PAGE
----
He is far better than anything in this life. Therefore, we should have compassion towards our brothers and sisters—those for whom, like us, Jesus shed his blood.
*Information about the current state of Christian in Iraq take in large part from Joe Carter, “The FAQs: Persecution of Christians in Iraq” on the TGC Blog (July 25, 2014), accessed online at http://thegospelcoalition.org/article/the-faqs-persecution-of-christians-in-iraq.
**Incidents and example take from Joe Carter, “9 Things You Should Know About Persecution of Christians in 2013” on the TGC Blog (October 28, 2013), accessed online at http://thegospelcoalition.org/article/9-things-you-should-know-about-persecution-of-christians-in-2013.
do explain why a god that is supposedly benevolent and omnipotent does nothing for the persecuted. Per the bible itself, this god has no problem in destroying those who persecute its followers. and unsurprisingly that stopped as soon as people could question baseless claims.
God has determined that his purposes will be accomplished through the suffering of his people. I don’t understand your point in the third sentence.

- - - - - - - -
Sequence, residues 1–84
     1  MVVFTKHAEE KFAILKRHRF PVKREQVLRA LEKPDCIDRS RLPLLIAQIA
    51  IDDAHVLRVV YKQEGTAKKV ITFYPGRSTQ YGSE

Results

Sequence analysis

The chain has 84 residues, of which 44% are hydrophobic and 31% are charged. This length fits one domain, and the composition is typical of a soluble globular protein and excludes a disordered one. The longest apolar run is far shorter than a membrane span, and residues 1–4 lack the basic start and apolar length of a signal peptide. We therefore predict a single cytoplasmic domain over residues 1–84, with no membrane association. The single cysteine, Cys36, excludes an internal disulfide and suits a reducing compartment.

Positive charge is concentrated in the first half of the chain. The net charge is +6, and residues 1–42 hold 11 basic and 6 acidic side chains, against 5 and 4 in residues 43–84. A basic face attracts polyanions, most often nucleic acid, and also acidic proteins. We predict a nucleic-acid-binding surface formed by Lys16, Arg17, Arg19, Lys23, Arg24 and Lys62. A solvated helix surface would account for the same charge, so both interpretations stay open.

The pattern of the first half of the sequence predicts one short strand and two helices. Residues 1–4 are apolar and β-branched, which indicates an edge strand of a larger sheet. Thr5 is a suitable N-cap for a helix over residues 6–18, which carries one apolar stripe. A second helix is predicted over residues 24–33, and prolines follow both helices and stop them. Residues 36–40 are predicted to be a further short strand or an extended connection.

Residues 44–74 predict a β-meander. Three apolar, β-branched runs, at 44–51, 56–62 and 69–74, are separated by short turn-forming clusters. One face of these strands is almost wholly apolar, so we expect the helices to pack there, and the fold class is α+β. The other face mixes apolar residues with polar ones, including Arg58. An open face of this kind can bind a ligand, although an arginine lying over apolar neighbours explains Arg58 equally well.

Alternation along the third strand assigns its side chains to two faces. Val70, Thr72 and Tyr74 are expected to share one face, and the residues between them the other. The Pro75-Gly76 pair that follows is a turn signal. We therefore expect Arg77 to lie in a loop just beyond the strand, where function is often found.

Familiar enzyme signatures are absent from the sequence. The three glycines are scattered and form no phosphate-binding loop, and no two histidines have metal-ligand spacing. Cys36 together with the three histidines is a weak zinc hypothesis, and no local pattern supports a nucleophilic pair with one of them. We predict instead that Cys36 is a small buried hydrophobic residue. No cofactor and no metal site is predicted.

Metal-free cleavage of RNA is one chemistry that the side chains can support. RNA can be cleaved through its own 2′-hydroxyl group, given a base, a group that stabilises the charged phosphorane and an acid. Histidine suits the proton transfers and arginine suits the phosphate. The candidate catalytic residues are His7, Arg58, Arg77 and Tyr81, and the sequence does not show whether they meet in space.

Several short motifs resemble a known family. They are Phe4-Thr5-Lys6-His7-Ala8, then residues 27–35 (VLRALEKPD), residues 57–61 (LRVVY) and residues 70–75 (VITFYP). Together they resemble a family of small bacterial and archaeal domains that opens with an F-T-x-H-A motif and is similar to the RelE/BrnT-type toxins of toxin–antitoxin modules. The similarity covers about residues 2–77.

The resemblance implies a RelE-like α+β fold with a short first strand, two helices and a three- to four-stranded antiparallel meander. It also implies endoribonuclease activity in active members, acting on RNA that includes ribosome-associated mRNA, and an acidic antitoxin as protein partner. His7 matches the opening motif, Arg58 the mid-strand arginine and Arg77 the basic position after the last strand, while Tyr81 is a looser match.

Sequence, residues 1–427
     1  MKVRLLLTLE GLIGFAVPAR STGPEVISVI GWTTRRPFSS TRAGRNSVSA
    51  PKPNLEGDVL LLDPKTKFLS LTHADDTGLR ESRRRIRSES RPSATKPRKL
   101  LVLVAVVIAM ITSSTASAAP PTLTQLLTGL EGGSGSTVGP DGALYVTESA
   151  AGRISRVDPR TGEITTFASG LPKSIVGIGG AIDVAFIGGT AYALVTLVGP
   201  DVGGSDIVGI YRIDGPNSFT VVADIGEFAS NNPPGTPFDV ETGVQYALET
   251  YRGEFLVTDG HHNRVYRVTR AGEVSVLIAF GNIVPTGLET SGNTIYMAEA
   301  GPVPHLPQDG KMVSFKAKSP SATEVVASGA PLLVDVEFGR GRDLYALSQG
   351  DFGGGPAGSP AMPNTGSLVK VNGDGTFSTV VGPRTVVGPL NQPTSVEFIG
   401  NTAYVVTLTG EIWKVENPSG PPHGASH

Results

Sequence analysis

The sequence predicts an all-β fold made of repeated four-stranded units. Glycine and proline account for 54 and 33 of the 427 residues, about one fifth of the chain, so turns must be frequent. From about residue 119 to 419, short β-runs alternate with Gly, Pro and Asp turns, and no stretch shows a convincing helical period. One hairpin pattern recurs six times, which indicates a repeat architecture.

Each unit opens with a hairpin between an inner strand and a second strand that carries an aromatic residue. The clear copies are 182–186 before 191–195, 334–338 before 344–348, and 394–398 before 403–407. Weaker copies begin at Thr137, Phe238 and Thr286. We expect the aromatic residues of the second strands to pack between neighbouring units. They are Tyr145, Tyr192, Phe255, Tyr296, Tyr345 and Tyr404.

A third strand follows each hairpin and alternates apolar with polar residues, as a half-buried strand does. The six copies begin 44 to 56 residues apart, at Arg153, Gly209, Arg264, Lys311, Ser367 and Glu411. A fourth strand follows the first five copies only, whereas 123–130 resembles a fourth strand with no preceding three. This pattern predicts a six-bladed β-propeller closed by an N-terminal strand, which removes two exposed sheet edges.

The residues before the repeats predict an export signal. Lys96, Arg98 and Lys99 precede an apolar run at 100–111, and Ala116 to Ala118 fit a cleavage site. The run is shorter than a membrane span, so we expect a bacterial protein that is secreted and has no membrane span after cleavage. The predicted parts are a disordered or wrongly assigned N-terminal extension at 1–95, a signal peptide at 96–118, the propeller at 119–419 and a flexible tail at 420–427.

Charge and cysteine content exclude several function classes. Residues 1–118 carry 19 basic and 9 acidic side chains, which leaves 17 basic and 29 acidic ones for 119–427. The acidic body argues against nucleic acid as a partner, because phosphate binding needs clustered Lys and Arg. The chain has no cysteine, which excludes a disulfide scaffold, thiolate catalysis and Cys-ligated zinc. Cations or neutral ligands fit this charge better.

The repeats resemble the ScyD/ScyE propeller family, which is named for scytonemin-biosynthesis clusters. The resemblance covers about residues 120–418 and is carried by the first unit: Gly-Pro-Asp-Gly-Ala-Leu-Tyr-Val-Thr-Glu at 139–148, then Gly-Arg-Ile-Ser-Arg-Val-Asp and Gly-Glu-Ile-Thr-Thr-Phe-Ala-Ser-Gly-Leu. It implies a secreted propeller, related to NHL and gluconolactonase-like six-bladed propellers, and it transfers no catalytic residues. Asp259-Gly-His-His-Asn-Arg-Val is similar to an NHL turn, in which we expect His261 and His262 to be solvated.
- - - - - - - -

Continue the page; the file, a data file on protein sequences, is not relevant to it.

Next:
No, John, you have decided to make up the excuse that your god has determined this. There is nothing in the bible that supports this claim at all. This god promises to always help its people and give them all they need. Allowing persecution directly contradicts those promises.
“do explain why a god that is supposedly benevolent and omnipotent does nothing for the persecuted. Per the bible itself, this god has no problem in destroying those who persecute its followers. and unsurprisingly that stopped as soon as people could question baseless claims.”
there are only two sentences in my post. I see that I did put in a period where a common should have been. The second sentence should read “Per the bible itself, this god has no problem in destroying those who persecute its followers, and unsurprisingly that stopped as soon as people could question baseless claims.”
Here are a few verses that support the idea that God uses suffering to accomplish his purposes: Gen 50:20; Acts 8:1-4; Rom 8:31-39; Phil 1:3-7,12-14; Col 1:24-29.
Regarding the second sentence, do you mean God stopped defeating his enemies once we are more modern times where history is being lived rather than believed based on sources? If so, I understand the point, but do not find it compelling. The Bible is filled with reliable eyewitness accounts of supernatural events, many of which are corroborated by other historical documents outside the Bible. Second, God’s people no longer belong to one nation, they are scattered throughout every nation. The enemy/people dynamic is changed. That being said, it’s not hard to see where God has sustained his people and toppled nations/leaders who were once hostile to Christianity.